Surveying Buffalo and Dallas County since 1990
Jack L. Dill, PLS email@example.com
16 Sherwood Trail
Buffalo, Mo 65622
What is a boundary survey?
A boundary survey consists of several elements. A land surveyor begins by obtaining a copy of the client’s deed. There is a description on the deed that defines the boundaries of the land to be surveyed. This description, usually referred to as a boundary or "legal" description, actually contains instructions for the surveyor, it tells the surveyor what must be found and measured to the real world in order to find or place monuments at the corners of the client’s property. Next, a surveyor does research to find out if other surveyors have been in the area at some point in the past. Surveyors search at courthouses, title company offices, highway departments… practically anywhere that documents might exist to help correctly determine boundaries. Next, surveyors come to the property and look for monuments that help determine the size and shape of the described parcel. Sometimes, if the parcel has been surveyed in the past, the surveyor checks or verifies that the corner monuments are in the proper place. Or new monuments may be driven into the ground to mark the boundaries. Then the results are published as a drawing called a survey plat. The plat should show everything pertinent to determining the boundaries of your property. In the end, your boundary determination is the professional opinion of the land surveyor who does the survey, so get a surveyor with a good reputation.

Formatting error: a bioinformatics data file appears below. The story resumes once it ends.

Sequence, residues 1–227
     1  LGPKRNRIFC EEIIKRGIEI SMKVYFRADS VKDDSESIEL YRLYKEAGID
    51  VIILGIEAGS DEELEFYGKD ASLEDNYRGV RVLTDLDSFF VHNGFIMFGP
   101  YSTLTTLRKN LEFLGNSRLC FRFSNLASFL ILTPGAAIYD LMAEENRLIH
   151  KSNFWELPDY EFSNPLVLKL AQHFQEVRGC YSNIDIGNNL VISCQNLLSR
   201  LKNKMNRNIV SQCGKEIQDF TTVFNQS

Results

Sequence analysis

How much does it cost to get a parcel surveyed?
Every survey is somewhat unique. There may be physical obstacles like bluffs, trees, rivers, and buildings that make the physical measurements more difficult to obtain. There could be ambiguity in the description that makes it difficult to determine what the author of the description intended. The costs can vary wildly depending on the amount of surveying by other competent surveyors in the area in the recent past. Estimates are free and usually take a day or two to do some basic research and determine the cost.
My property is fenced, does that help?
Not really. Unless your description actually calls out the fence it is generally immaterial to me. It is my job to put your deed description on the ground. Hopefully your fence was built in the correct place to start with. However, it has been my experience that most fences are built based on a bad guess. But, if a fence is in the same position for a long period of time, it may have accrued unwritten rights for the property owner along that particular boundary line. You may want to consult an attorney at that point. The fence would generally be shown on the plat since it is evidence of physical possession.